Related: Find a supplement to support muscle recovery.

One more major reason to enjoy a good sit in the sauna: You may find yourself in a more warm and fuzzy mood afterward. Saunas have been used since ancient times as a wellness tool by northern societies with lots of cold weather, says Kogan, who notes that many of her patients report a mood boost after a sauna treatment. Similarly, a study published in Psychosomatic Medicine found that daily sauna sessions improved ratings of relaxation in patients with mild depression.

The good news is there are no harmful effects that can come from spending time in a sauna, says Kogan. Just keep in mind that women shouldn’t use saunas while pregnant in order to avoid the risk of becoming overheated or dehydrated.

Belly Fat Facts

The Truth About Belly Fat

A strong six-pack or a flat, toned tummy is the ultimate goal for many of us, but some people have a harder time than others achieving the core they desire.

Even if your heart isn’t set on a washboard abs, there are plenty of reasons to aim for shedding weight in your mid-section. For one, according to Human Molecular Genetics, abdominal fat is associated with an increased risk of type two diabetes and cardiovascular disease, among other serious health complications.

Here, everything you need to know about belly fat—so you can kiss it goodbye!

What causes belly fat?

For starters, evidence says that there is a definite genetic component. For instance, in one Human Molecular Genetics study, five genes were identified to be related to a high waist to hip ratio.

But if Mom and Dad aren’t to blame, there are certainly some habits that contribute to excess fat around your middle. Excess sugar, for instance, has long been known to increase insulin resistance—a key player in the belly fat fight, according to Dr. Barry Sears, a bestselling author who has dedicated his career to studying the interaction of nutrition and the body’s hormonal response.

“It is partially genetic, but primarily driven by increased insulin resistance,” says Dr. Sears. “Increased insulin resistance is a consequence of inflammation disrupting the signaling between the insulin receptor and the interior of the cell.”

Related: Shop weight-management products to stay fuller and and more satisfied longer.

So, how do you get rid of it?

Not to burst your bubble, but core exercises alone won’t do the trick. The main way to get rid of abdominal fat is by taking your nutrition seriously. Cutting down on your caloric intake is the key player in fat loss, because doing so signals your body to burn stored fat for energy, according to Dr. Sears.

“Use the 80-20 rule for exercise,” he says. “Eighty percent of the reduction of belly fat will come from calorie restriction.”

As for what you should eat, it is important to keep in mind that there’s no magic six-pack diet. Instead, a long-term commitment swapping sugar and refined carbs for vegetables, lean protein, and complex carbohydrates is going to reduce your belly fat (and overall body weight) over time.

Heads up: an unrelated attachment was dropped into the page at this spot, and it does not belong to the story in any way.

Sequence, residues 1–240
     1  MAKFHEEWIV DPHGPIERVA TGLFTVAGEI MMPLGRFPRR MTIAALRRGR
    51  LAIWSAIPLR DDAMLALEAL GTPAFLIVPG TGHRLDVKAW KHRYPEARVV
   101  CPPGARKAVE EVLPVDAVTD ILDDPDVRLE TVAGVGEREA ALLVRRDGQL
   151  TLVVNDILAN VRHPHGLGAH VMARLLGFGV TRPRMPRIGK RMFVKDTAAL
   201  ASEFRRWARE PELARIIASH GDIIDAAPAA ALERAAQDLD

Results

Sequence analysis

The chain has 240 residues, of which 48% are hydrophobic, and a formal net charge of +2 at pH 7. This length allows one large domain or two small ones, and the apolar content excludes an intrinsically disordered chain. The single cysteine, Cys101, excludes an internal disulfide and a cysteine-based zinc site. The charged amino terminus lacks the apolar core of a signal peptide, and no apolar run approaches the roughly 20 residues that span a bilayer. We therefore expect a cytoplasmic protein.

Related: 7 Weight-Loss Myths That Can Sabotage Your Progress

What exercises work?

Sure, nutrition is the most important factor in slimming down your waist, but double that up with exercise and you’ll be on your way. The type of exercise you engaged in really does matter, too. Don’t be fooled into believing that a lot of crunches or planks will banish your extra tummy weight for good. Instead, Dr. Sears encourages a focus on fat-burning interval training, which reduces insulin resistance.

Interval training combines short, high-intensity exercises that get your maximum heart rate pumping followed by short recovery periods during a less intense exercise. Paying attention to your heart rate is an important part of an effective interval training workout, according to the American College of Sports Medicine.

During the high-intensity exercises, your heart rate should be between 80 and 95 percent of your estimated heart rate and when you slow things down for a recovery period, your heart rate should be between 40 and 50 percent of your maximum heart rate.

Related: 6 Dietitians Share Their Go-To Healthy Breakfasts

Taking care of yourself matters, too.

In addition to diet and exercise, it has long been believed that cortisol, a hormone our body releases in response to stress, plays a role in fat accumulation around the middle. For instance, one 1994 study by the Department of Psychology at Yale University found participants with a high waist to hip ratio had higher cortisol levels when exposed to stress and reported having poor coping skills and stressful life events in their past.

Finding ways to manage stress in your life —whether that’s through yoga, meditation, or getting more sleep —can help your cut down on your stress and, in turn, your belly fat.

Why Do Men Seem To Lose Weight More Easily Than Women?

Simply cut off the soda supply and your average guy will seem to drop five pounds overnight. Meanwhile, many women overhaul their diets and work out five times a week, and still struggle to lose one measly pound.

It’s infuriating—at least for women. But what’s behind this weight-loss inequality?